Tag Archives: modernism

Cemetery of the Week #170: Resurrection Cemetery

Screen Shot 2018-10-03 at 8.48.28 PM

By MrHarman at the English language Wikipedia, CC BY-SA 3.0, https://commons.wikimedia.org/w/index.php?curid=18595013

Resurrection Cemetery
7201 Archer Road
Justice, Illinois 60458
(708) 458-4770
Established: 1904
Size: 540 acres
Number of interments: approximately 158,000
Open: everyday 8 am to 7 pm

On the outskirts of Chicago, in Justice, Illinois, lies the massive Resurrection Cemetery.  It’s the home of Resurrection Mary.

In the early 1930s, blue-eyed Mary had gone dancing with her boyfriend at the Oh Henry ballroom. After they argued, Mary decided to walk home and cool off.  On her way, she was stuck and killed by a car on Archer Avenue. The driver, who fled the scene, was never found.

The first reported sighting of Mary’s ghost was in 1939. Jerry Palus danced with a pretty blond girl, who didn’t talk much, at the Oh Henry Ballroom (named for the candy bar), three miles southwest of the cemetery in Willow Springs. At the end of the evening, Jerry offered her a ride home. On the way to the address she had given him, she vanished from the car.

The next day, when Jerry stopped at the address Mary had given him, her parents told him she had been dead several years.

More than two dozen people have picked Mary up as she walked along Archer Drive. Sometimes she dematerializes from the car as it passes the cemetery.  Other times she gets agitated and demands to be let out.  Or she flings open her door and races toward the graveyard, vanishing when she reaches the locked iron gate.  Sometimes she’s seen on the other side of the fence, walking toward her grave.

If the driver didn’t stop to pick her up, sometimes she’d jump onto the running board. Other times she would run out into the street to flag the car down. More than once, she’s thrown herself into the path of the oncoming car. The driver would feel and hear the collision, but when he went back to help, the body had vanished. People have been seeing a blond girl in a long white dress hitchhike for more than 60 years.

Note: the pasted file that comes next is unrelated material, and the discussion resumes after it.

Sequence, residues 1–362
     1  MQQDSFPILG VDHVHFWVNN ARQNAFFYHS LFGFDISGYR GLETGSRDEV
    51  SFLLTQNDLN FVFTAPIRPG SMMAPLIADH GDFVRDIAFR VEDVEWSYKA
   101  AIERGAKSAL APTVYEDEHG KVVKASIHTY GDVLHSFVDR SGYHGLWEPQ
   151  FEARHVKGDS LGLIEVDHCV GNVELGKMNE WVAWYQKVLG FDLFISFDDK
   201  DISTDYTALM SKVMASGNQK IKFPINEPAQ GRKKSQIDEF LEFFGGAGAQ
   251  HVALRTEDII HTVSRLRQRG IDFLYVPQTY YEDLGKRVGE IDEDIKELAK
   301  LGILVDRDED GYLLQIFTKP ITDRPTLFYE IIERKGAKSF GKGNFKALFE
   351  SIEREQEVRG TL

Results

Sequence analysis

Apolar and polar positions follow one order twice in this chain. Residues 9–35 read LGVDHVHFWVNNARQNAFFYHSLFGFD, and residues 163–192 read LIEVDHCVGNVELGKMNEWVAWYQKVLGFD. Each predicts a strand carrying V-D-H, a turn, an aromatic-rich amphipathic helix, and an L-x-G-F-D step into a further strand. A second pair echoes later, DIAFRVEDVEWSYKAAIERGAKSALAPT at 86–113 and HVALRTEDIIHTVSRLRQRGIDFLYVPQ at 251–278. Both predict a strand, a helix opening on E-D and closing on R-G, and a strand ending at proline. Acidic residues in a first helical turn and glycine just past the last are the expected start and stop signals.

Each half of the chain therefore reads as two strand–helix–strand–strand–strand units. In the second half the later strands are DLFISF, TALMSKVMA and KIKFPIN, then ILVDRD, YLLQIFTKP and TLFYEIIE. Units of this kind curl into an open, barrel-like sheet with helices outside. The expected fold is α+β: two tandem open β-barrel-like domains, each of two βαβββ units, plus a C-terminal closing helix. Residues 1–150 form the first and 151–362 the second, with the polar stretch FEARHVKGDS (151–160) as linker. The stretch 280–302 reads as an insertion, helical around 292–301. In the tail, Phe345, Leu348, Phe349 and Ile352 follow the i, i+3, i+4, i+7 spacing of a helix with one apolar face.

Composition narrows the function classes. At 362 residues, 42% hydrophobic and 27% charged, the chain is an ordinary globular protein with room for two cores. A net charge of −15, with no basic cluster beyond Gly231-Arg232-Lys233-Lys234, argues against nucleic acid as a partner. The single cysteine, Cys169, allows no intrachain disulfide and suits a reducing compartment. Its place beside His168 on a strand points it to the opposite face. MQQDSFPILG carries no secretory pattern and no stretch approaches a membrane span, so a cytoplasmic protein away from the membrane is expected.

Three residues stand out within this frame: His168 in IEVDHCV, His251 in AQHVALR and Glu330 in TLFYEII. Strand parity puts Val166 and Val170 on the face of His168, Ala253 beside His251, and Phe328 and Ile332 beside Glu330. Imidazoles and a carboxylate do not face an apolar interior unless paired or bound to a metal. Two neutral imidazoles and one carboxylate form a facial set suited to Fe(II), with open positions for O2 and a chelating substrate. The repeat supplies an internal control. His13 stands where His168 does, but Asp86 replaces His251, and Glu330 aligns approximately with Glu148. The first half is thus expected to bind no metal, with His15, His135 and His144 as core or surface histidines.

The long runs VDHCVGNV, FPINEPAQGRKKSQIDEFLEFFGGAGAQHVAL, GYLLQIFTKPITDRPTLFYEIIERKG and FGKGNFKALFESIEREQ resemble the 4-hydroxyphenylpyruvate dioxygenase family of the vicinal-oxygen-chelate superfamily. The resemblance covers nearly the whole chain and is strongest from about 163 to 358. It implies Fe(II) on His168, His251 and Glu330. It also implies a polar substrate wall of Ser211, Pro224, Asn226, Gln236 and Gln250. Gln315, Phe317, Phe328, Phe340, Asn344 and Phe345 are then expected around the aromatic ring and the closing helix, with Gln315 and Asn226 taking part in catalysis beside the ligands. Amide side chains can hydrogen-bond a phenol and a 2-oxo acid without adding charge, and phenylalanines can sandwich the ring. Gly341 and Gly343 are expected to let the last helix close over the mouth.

Screen Shot 2018-10-03 at 8.57.00 PM

Lakersnbulls91 at the English language Wikipedia [GFDL (http://www.gnu.org/copyleft/fdl.html) or CC-BY-SA-3.0 (http://creativecommons.org/licenses/by-sa/3.0/)], via Wikimedia Commons

Sightings tapered off in the 1960s.  Then on August 10, 1976, the local police got a phone call from a passing motorist who had seen a pale young woman trapped inside the the cemetery.  When the cop showed up to investigate, the cemetery was empty.  But the center bars of the fence were bent about waist high. A series of indentations, spaced inches apart, looked like fingerprints. The cemetery claimed that a maintenance truck had backed into the fence and bent it, then a repairman had tried to straighten the bars with an acetylene torch. No one bought that explanation.

Graveyards of Chicago says, “Though the cemetery administration had the bars removed and repaired, it is said that the damaged areas will not take paint.”

The free-wheeling phantom known as Resurrection Mary has been traced to a half dozen occupants of this cemetery, all young accident victims buried in the 1920s and 30s. Not all of them named were Mary. The Midnight Society has a really good rundown.

Resurrection Cemetery itself has been described as “sparse, rural, and vast.”  However, it’s dominated by the Resurrection Mausoleum, a New Formalist white concrete building that dates to 1969. The building has walls made of dalle de verre stained glass — the largest glass installation in the world.

The glass tells the story of the bible, starting with dinosaurs in the Garden of Eden on into the modern day.  It ends with satellite dishes, jet planes, and a mushroom cloud.

That frightens me more than a hitchhiking ghost.

Please check out the stained glass photos here: https://chicagomodern.wordpress.com/2012/04/17/a-treasure-trove-of-20th-century-art-resurrection-cemetery-mausoleum/